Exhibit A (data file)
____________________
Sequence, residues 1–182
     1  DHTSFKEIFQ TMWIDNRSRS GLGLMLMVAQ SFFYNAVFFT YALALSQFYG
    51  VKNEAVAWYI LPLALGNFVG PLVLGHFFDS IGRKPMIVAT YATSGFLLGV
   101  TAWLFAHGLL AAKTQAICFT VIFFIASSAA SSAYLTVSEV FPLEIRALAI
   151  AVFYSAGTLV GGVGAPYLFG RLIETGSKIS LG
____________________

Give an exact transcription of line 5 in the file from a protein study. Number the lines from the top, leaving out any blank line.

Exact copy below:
   151  AVFYSAGTLV GGVGAPYLFG RLIETGSKIS LG